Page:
We’ve all have heard this tale, over and over again. A young, wise and learned Isaac Newton is sitting beneath his favorite apple tree contemplating the mysterious universe. Suddenly – boink! -an apple hits him on the head. “Aha!” he shouts, or perhaps, “Eureka!” In a flash he understands that the very same force that brought the apple crashing toward the ground also keeps the moon falling toward the Earth and the Earth falling toward the sun: gravity.

But to some of us who have researched further the tale is incomplete.  The reference was to the forbidden fruit of the tree of knowledge — a fruit perhaps not as evil as superstition might imply. In religion, mythology and folktales is that the word “apple” was used as a generic term for all (foreign) fruit, other than berries, but including nuts, as late as the 17th century. Notwithstanding, it was the apple as we see today; three and a half centuries and an Albert Einstein later, physicists still don’t really understand gravity. Looks we need a bigger apple. But let us not rush; we need to examine multifarious problems that Newton had to face before he eventually gravitated.
The Greek goddess of discord, Eris, became disgruntled after she was excluded from the wedding of Peleus and Thetis. In retaliation, she tossed a golden apple inscribed ? (Kalliste, sometimes transliterated Kallisti, ‘For the most beautiful one’), into the wedding party. Three goddesses claimed the apple: Hera, Athena, and Aphrodite. Paris of Troy was appointed to select the recipient. After being bribed by both Hera and Athena, Aphrodite tempted him with the most beautiful woman in the world, Helen of Sparta. He awarded the apple to Aphrodite, thus indirectly causing the Trojan War. The wise Newton kept the apple with him   although his charmer from Athens was adamant to have it, thus avoiding another war, this one between Athens and London.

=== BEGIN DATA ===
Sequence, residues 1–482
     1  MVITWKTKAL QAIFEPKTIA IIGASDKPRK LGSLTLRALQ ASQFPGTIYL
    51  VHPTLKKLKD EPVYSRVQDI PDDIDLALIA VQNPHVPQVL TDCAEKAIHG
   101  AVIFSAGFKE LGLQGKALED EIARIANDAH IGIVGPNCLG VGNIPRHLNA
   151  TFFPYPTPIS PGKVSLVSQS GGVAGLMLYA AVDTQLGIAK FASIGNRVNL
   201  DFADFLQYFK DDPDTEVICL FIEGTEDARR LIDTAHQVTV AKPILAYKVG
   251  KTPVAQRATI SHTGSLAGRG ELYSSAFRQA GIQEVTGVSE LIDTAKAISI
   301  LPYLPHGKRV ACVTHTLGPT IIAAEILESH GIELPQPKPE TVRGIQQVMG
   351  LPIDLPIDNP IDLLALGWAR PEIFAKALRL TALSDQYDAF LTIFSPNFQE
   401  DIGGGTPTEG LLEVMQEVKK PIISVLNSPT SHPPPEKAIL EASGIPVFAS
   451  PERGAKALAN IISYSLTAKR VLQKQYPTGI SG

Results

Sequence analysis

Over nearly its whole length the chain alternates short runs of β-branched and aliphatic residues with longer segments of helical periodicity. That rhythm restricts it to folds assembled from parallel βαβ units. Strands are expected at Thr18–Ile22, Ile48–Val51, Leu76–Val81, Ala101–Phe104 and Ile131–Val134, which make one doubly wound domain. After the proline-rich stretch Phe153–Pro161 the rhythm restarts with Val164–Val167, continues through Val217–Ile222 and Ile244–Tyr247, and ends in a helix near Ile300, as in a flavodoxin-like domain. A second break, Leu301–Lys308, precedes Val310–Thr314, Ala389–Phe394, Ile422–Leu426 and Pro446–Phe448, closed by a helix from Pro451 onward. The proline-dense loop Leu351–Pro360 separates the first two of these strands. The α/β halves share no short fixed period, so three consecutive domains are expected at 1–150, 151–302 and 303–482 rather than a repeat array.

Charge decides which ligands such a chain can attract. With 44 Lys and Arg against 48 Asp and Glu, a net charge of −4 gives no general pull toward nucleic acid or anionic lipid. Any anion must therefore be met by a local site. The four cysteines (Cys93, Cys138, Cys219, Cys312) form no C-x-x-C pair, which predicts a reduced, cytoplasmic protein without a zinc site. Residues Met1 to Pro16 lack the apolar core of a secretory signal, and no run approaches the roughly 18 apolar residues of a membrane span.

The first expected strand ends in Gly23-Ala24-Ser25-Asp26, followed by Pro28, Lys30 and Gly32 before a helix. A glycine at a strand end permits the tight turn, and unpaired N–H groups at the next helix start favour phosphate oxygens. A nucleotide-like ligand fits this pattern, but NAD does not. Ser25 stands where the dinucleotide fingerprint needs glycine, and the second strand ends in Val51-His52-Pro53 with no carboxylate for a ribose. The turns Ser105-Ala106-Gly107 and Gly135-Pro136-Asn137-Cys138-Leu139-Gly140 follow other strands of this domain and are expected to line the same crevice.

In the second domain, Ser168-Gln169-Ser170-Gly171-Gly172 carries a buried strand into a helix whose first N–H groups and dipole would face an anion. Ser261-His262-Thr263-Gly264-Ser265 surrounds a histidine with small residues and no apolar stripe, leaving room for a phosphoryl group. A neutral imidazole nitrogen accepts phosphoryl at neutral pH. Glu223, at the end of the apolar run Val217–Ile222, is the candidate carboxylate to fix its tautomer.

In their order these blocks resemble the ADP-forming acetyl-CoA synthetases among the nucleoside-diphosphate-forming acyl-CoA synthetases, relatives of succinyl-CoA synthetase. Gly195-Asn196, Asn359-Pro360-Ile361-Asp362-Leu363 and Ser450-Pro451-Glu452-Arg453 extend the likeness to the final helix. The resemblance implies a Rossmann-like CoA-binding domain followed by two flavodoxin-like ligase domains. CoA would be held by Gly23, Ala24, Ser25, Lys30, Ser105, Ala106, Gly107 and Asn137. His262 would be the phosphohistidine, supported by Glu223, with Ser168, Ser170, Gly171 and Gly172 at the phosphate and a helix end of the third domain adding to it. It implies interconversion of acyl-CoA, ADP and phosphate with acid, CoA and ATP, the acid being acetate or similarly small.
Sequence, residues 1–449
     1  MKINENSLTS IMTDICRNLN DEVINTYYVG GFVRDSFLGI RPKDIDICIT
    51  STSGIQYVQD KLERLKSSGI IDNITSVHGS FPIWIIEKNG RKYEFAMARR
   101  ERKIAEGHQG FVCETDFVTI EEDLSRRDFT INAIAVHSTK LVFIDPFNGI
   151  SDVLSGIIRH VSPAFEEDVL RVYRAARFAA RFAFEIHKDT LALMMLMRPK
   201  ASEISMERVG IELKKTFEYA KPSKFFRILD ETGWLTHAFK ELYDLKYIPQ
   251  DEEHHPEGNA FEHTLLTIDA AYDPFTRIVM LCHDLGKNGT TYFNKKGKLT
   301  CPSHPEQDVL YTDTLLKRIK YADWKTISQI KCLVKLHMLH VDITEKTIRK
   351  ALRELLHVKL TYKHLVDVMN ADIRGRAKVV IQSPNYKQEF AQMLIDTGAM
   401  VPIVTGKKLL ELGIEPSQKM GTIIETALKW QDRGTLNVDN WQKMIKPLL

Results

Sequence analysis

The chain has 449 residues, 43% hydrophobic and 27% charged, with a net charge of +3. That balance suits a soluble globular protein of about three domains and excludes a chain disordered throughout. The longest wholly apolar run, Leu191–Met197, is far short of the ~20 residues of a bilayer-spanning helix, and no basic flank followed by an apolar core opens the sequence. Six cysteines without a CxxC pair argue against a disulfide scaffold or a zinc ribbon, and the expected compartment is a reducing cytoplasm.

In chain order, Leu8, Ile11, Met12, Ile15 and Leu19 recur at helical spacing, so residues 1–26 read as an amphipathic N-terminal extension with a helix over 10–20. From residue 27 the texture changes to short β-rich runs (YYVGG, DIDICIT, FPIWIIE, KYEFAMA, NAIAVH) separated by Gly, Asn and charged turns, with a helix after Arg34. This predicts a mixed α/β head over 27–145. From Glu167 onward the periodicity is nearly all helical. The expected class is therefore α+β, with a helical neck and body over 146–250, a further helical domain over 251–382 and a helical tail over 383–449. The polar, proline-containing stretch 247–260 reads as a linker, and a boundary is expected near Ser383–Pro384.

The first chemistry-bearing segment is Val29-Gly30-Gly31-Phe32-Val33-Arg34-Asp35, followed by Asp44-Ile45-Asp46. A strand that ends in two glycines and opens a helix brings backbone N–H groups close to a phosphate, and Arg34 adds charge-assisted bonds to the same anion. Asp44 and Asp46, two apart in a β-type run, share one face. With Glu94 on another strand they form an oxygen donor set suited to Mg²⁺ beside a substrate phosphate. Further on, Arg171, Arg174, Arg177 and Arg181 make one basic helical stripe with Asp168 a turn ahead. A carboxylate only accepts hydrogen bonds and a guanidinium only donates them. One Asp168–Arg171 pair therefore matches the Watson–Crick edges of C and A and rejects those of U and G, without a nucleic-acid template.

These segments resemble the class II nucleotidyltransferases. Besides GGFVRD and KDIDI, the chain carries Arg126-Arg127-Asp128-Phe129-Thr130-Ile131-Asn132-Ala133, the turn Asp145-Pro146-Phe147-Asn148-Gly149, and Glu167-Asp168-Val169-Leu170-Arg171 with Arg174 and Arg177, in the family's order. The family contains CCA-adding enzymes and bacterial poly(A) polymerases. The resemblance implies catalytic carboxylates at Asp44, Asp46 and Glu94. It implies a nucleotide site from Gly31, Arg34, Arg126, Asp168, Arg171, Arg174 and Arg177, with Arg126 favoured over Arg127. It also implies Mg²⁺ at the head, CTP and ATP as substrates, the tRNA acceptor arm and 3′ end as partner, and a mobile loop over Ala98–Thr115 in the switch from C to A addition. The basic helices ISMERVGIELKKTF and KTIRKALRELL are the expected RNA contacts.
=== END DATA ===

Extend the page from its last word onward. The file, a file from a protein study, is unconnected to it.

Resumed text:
Instead he chose to throw it at someone much closer to his heart, in keeping with his desire and Plato; “I throw the apple at you, and if you are willing to love me, take it and share your girlhood with me; but if your thoughts are what I pray they are not, even then take it, and consider how short-lived is beauty.”  But the moment the apple of his eyes ate a mouthful of the biblical ‘forbidden fruit” the larynx in Newton’s throat’ swelled reminding him of the punishment meted out by God to Adam when his throat was given the Adam’s apple because Eve ate the forbidden fruit and since then it has been sticking in the throat of Adam’s progenies.
But then Newton was relentless, he persevered and finally propounded the gravitational theory, not withstanding the “forbidden fruit”. Today he and his works are a source of inspiration to all those love and understand the intricacies of the universe. I am writing this article on an Apple handheld Computer, whose original logo had a rendering of Isaac Newton sitting beneath an Apple tree, it shows Isaac Newton under an apple tree, with a highlighted apple about to fall and hit his head:
In MIT is planted an apple tree that is a direct descendant of the tree under which Isaac Newton sat when he is said to have conceived the theory of gravity.” I couldn’t think of a better place than MIT to put a tree that illustrates a law of physics,” says Vetter, whose tree stands in MIT’s President’s Garden, a sunny spot off the Infinite Corridor.  This fall, the beloved tree bore bright, healthy fruit–a sure sign of flourishing and a link between past and present days. The MIT apple tree was grown from a cutting of a tree in England’s Royal Botanical Gardens that was grown from a cutting of Newton’s apple tree. Vetter was given the plant as a gift from the National Bureau of Standards when he left office as undersecretary of the U.S. Commerce Department in 1977. He presented the young plant to MIT that same year.
But then a tale is a tale! The apocryphal story is one of the most famous in the history of science and now you can see for yourself what Newton actually said. Squirreled away in the archives of London’s Royal Society is a manuscript containing the truth about the Apple. It is the manuscript for what would become a biography of Newton entitled Memoirs of Sir Isaac Newton’s Life written by William Stukeley, an archaeologist and one of Newton’s first biographers, and published in 1752. Newton told the apple story to Stukeley, who relayed it as such:
“After dinner, the weather being warm, we went into the garden and drank tea, under the shade of some apple trees…he told me, he was just in the same situation, as when formerly, the notion of gravitation came into his mind. It was occasioned by the fall of an apple, as he sat in contemplative mood. Why should that apple always descend perpendicularly to the ground, thought he to himself…”
So it turns out the apple story is true – for the most part. The apple may not have hit Newton in the head, but I’ll still picture it that way.